I Know My Name Means Black—So You Can Stop Telling Me

My name is Ebony, and there’s no escaping the uncomfortable conversations about why I look the way I look

Illustration of Ebony-Renee Baker by Melissa Falconer
(Illustration: Melissa Falconer)

I was sitting cross-legged in an assembly hall, surrounded by my fellow ninth graders, many of whom I didn’t know, when it happened: The loudest guy in the class pointed at me, laughing, and said, “Your name’s a porn category!”

My face got hot and I scrunched my eyebrows as if I was shrugging his comment off, but in reality, I had no idea what he was talking about. At 14, I was super shy, going through the awkward stages of puberty and doing everything I could just to fit in with my mainly white peers—so all I wanted in that moment was to hide in a corner and forget that it even happened. Unfortunately, I know that memory will stay with me forever.

My name is Ebony. Ebony-Renee Cheyenne Baker, if you want to get official. It may be a mouthful, but it’s a name that my Jamaican father and Filipino mother thoughtfully crafted—Ebony is, of course, a synonym for the colour black, but it also means “dark beauty.” I’ve always worn it proudly, especially because, when my classes were full of Jenn As, Bs and Cs, I rarely met another Ebony. By the time I was in high school, I’d only ever met one other girl with the same name, another Black girl in kindergarten who spelled it with an ‘i.’ Actually, aside from the songs “Ebony and Ivory” and “Ebony Eyes” (the Rick James version, obvi), I hardly ever heard the word, period.

That’s partly why I didn’t know what to think when that boy related my name to pornography, because until then I assumed that most people thought my name was as unique and unusual as I did. And, more importantly, what could a teenaged boy actually know about porn? Turns out, a lot. It wasn’t until a few more boys told me the same thing that school year that I finally looked it up for myself. And when I found out that Ebony really was a porn category (and it remains a popular one—according to Pornhub’s 2018 Year in Review, it was the fourth most-viewed category of that year), the way I thought about my name became tainted. I’ve always loved introducing myself as Ebony, but after that, I started to wonder what people were thinking whenever I said it.

Those may have been the first times people made awkward comments about my name and race, but they definitely weren’t the last. My name has become a reminder that, like many biracial people, I will always be reduced to the way I look, and that my Blackness is what’s most visible.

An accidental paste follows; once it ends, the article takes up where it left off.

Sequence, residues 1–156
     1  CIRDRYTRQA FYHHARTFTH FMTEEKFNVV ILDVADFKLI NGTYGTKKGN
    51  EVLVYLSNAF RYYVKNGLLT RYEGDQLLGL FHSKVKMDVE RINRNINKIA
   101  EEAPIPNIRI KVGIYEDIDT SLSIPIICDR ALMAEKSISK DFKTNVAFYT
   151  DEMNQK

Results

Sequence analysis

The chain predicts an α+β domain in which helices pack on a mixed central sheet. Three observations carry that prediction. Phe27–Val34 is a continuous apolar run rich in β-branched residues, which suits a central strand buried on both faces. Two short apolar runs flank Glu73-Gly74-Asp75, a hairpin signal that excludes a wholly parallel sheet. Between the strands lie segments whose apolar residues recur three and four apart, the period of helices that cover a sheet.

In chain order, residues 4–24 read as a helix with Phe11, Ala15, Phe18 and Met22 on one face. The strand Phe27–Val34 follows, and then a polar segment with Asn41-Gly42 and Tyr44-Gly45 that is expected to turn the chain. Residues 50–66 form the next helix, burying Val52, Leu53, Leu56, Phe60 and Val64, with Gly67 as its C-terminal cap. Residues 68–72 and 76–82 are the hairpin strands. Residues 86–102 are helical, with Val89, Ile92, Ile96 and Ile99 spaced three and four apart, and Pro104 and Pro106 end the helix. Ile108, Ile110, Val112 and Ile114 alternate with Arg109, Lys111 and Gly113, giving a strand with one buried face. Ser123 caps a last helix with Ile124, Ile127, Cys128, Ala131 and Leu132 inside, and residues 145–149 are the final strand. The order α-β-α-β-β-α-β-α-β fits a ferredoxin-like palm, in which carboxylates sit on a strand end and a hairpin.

Of course, people of colour with more “ethnic” names experience a level of prejudice that I simply don’t. Studies have shown that those with Black-sounding names on their resumes (think: Jamal or Imani) are less likely to get chosen for job interviews than those with anglo names like Connor or Sarah. But while my dictionary-approved moniker isn’t the most difficult to spell or pronounce, it still falls under that same category of names that reveal a person’s race.

As a result, people often feel like they’re allowed to make comments about the way I look, something that’s particularly jarring in social settings. When I meet a guy at a bar and I can tell he’s the type to be weird about my name—and yes, I can always tell—I usually try to avoid the conversation entirely by introducing myself as Michelle; it’s easy to digest and usually prompts no response at all. (It’s also my Starbucks name when I’m not in the mood to repeat myself.)

Maybe that seems like a step too far, but telling men my name hasn’t always been a delight. There’s always one guy who immediately thinks I’m joking and says something stupid like, “No, what’s your real name?” Or he’ll pause and give me a look as if to say, “You know that’s a porn name, right?” Or he’ll tell me that it’s sexy. That one’s a classic. And, of course, there’s the guy who’ll nod and not say anything… until it comes up later in the same conversation; “Sooo… Ebony, eh?” Cue gross wink (and an eye roll, on my part).

It’s not only in social situations. I worked in retail and as a restaurant server for years, and it became a daily occurrence for customers to comment on my name. From the woman who told me that Ebony is “the perfect name” for me (gee, I wonder why, ma’am?), to all of the white men who introduced themselves as Ivory, people always felt the need to point out in some way that yes, I am Black.

This was often frustrating for me because in most of those workplaces I was usually one of their few, if not only, Black servers or sales associates, and having customers further point that out was a reminder that I didn’t need. Not to mention, you definitely wouldn’t say to a stranger “I noticed you are Black”—so there was no reason for these exchanges to be happening at all.

These reactions *all* bring me back to that moment where I was sitting in that assembly hall and realized that my name amplified my Blackness, when I would have done anything just to blend in. Today, I am much more comfortable in my skin and proud of my ethnicities, but my name is still Ebony, so there’s no escaping the uncomfortable and unnecessary conversations about why I look the way I look.

But at the end of the day, my name will always be a part of my identity, just as my Blackness is. So, if that means having to constantly prove that my name and my roots are far from the only thing that defines me, I will just have to continue doing that work.

After all, isn’t that what we’ve been fighting to do all along?


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